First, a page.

Catalyst for Nitrogen Cycle
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Catalyst for Nitrogen Cycle

This is a discussion on Catalyst for Nitrogen Cycle within the Beginner Saltwater Aquariums forums, part of the Saltwater Fish and Coral Reef Tanks category; --> Hey all, i am starting my reef tank and i went to the beach today and got some water and sand which i placed ...

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Catalyst for Nitrogen Cycle
Old 12-29-2007, 03:15 AM   #1
 
Catalyst for Nitrogen Cycle

Hey all, i am starting my reef tank and i went to the beach today and got some water and sand which i placed over my silica substrate. Will this 'speed' up the nitrogen cycle at all?

and while I'm here is there ny other tips to speed it up?

I am using live rock too.
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Old 12-29-2007, 07:21 AM   #2
 
Don't mean to double post but i only used a small ice-cream container's worth of seawater/sand because i already have water in my aquarium and i also treated this all with a water treatment.
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Old 12-29-2007, 11:12 AM   #3
 
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Adding water and sand from a beach are horrible ideas. A search through previous topics about that would have given you a good picture.

Most all toxins that are in the oceans, be it spilled oil, trash, medical, etc... washes up to and concentrates at our beaches. The sand at a beach is not at all what reefers refer to as "live sand". It's completely different. It is a terrestrial quartz silicate ( not at all natural to a reef tank) that absorbs toxins like a sponge. The beach sand does not contain ANY of the beneficial microorganisms that you get from a healthy, established reef tank, or from the ARAGONITE beds from the bottom of the reefs.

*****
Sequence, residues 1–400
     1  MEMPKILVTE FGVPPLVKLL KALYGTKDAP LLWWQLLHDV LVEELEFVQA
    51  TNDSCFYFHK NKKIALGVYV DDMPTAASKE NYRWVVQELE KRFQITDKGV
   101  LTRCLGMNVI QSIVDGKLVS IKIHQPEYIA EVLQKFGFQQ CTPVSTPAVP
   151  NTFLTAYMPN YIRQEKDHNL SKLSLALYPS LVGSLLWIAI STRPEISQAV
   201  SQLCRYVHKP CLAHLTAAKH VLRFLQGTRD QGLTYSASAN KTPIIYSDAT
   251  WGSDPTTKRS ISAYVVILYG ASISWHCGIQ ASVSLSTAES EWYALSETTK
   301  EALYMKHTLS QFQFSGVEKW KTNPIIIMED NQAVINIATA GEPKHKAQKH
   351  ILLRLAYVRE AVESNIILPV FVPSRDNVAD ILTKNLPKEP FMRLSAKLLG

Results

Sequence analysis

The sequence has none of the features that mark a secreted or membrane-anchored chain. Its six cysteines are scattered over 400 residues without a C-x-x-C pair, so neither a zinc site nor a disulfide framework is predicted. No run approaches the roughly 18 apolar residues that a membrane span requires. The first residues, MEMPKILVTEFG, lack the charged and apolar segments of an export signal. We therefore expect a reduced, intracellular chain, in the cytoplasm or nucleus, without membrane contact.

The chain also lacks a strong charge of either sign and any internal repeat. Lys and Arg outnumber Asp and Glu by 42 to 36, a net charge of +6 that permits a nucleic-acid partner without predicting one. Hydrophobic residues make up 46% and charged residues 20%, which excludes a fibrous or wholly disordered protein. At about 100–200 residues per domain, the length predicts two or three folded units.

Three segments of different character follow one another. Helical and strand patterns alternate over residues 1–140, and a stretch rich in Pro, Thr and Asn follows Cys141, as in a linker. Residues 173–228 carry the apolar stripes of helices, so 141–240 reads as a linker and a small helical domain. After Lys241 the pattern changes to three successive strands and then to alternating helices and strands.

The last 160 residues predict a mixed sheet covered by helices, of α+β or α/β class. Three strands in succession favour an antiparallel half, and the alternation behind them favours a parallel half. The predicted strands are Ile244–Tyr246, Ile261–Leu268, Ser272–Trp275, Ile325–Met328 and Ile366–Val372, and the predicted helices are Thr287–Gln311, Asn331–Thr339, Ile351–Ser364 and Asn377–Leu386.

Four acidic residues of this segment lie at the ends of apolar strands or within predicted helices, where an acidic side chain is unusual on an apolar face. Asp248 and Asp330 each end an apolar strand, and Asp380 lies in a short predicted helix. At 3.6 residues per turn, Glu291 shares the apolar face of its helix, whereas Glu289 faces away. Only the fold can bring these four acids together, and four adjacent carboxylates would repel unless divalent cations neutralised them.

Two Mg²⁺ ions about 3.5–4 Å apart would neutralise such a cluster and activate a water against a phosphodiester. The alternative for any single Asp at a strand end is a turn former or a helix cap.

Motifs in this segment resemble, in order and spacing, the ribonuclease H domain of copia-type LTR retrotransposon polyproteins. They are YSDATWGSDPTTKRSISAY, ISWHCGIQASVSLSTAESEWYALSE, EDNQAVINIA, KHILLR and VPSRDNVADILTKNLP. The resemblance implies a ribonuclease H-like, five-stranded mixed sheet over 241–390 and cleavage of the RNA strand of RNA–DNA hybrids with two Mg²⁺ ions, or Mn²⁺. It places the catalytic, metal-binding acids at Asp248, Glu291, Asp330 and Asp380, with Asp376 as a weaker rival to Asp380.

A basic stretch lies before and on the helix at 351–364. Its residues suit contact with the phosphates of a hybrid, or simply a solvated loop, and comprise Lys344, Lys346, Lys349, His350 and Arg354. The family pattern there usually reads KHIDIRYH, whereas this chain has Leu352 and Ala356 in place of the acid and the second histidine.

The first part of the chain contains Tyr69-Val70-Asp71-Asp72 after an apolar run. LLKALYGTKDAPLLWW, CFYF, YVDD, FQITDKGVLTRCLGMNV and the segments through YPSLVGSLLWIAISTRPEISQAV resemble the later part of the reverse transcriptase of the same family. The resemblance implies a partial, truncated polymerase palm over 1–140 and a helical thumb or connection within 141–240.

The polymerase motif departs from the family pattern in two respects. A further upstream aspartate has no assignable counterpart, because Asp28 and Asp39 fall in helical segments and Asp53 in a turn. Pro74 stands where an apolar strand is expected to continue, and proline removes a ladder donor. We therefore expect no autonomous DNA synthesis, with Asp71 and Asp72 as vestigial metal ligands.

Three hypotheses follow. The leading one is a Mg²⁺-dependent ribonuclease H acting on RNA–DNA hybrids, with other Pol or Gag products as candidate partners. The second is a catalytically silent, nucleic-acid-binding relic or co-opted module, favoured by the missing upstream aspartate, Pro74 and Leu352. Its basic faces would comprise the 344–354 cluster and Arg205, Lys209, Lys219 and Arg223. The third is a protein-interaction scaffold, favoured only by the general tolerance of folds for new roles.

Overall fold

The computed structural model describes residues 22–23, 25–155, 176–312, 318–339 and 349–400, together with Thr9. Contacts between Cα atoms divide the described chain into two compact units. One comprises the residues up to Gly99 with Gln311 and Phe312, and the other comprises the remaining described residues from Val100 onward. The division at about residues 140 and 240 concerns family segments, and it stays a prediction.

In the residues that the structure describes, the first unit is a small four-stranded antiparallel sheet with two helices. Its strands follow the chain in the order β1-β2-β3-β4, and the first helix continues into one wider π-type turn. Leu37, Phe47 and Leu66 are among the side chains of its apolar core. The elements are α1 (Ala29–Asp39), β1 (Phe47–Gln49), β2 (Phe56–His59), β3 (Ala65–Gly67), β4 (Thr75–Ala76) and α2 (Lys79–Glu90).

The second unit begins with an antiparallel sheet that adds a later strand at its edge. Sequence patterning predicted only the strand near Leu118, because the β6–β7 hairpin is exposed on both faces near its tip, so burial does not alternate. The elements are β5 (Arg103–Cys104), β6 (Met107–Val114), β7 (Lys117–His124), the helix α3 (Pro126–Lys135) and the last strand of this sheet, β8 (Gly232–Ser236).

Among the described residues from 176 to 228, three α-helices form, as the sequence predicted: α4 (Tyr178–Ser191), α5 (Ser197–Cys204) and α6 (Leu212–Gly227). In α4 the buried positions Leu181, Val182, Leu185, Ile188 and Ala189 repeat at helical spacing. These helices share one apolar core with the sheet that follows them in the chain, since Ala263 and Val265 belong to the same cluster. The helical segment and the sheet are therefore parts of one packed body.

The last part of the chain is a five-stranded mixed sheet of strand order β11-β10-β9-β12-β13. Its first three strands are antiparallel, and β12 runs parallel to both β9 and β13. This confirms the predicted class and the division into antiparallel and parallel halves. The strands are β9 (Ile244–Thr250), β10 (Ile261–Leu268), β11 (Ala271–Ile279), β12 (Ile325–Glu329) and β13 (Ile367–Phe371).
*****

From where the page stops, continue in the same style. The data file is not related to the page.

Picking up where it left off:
I highly suggest slowing down Birdman. Cutting corners will really hurt you in this hobby. Slat water tanks should never be rushed, such as trying to
'push" the cycle faster, getting cheap on equipment or materials. What will happen is as you find out why serious hobbyists only use aragonite or crushed coral substrates (unless running barebottom) and then you will be trying everything to remove the old sand bed and add the proper one. This is back tracking and not moving forward. Later when your fish keep dieing for no reason, you may find that you introduced a pest from the beach such as fish lice or other parasitic creatures.

It's your tank, do as you wish. I can guarantee poor results and headaches skimping by and hurrying though the processes. I only wish to see you succeed.
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Old 12-29-2007, 09:20 PM   #4
 
Yea i did end up reading those other topics on beach sand, so i decided to remove almost all of the beach sand leaving my silica i bought from the store. I live in Western Aust, so i would have thought the water would be from the antarctic, so less chance of contaminants. Hopefully the future of my tank won't suffer due to this mistake.
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